Wenge 4/4 & 8/4
Wenge (Millettia laurentii) is a good choice for blocks and for interior and exterior joinery and general construction work. It is a good wood for turning and is sliced for paneling and veneers for furniture and cabinets. As with most exotic woods, it is selected for its color and dramatic appearance in any project that seems appropriate. That being said, it is definitely not used in acoustic guitars, because its porosity dampens the sound waves.
The heartwood is dark brown, almost black. On the quartersawn surface, fine pencil-thin, light tan lines interspersed with blackish brown stripes make the surface appear as if it has been stroked by the fine claws of some wild jungle animal. On the tangential surface, the light lines show up as undulating streaks, like waves on the water. Orientation of the grain is an important consideration to show the wood at its best. Wenge is straight grained, and very coarse textured, similar to the slivers from bamboo flooring.
This wood will sand reasonably well and give an acceptable finish if one is aware of the oily surface. It is a very porous wood though, so pore filling is essential if a fine finish is required... challenging for the beginning woodworker.
Wenge wood provides a challenge to both the artist and the crafting skill. Sharp tools are essential. The long coarse texture can tend to tearout and cause some difficulty in sanding. The wood will glue well if the gluing is done as soon as the surface is dressed by planing, sanding or scraping. Workers can be adversely affected by the irritating dust of wenge. Its toxicity is well known in many parts of the world because the bark of several species is ground into a powder to numb fish for harvest. Dust collection systems are essential when working with wenge and remove wood slivers ASAP because they tend to fester.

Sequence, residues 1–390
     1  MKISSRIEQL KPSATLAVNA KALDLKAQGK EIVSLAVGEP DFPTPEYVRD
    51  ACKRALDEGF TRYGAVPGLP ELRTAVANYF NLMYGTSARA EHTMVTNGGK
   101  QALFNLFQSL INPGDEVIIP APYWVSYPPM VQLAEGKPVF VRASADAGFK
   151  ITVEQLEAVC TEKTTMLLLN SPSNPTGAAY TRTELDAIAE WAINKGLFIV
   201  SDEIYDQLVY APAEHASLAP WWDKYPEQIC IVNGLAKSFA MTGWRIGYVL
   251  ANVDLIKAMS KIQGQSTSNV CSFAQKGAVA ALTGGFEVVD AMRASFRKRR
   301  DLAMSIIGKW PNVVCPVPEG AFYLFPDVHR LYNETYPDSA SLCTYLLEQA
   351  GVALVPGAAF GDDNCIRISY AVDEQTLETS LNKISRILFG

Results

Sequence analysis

|Origin||Africa (Cameroon, Congo, Gabon, Mozambique, Tanzania, Zaire)|
|Janka Hardness||1,930 lbf|
|Average Dried Weight||54 lbs/ft3|
|Workability||Difficult to work with both hand and machine tools. Difference in cell density between dard and light areas often results in uneven surface. Splinters easily: caution should be taken as splinters have a high risk of infection.Breathing dust is known to have central nervous system effects though severe reactions are relatively uncommon.|
|Related Species||Panga Panga (Millettia stuhlmannii)|
Wenge 4/4 & 8/4
4050 Old Cornelia Hwy
Gainesville GA 30507
Wood Calculator Section
Need Help Figuring out how much you need ?
One Board foot = 144 Cubic Inches
Example: If you need a piece of wood 12 inches wide, 1 inch thick and 24 inches long, that is equal to 2 board feet.
12 inches x 1 inch x 24 inches = 288 inches. 288/ 144 = 2 board feet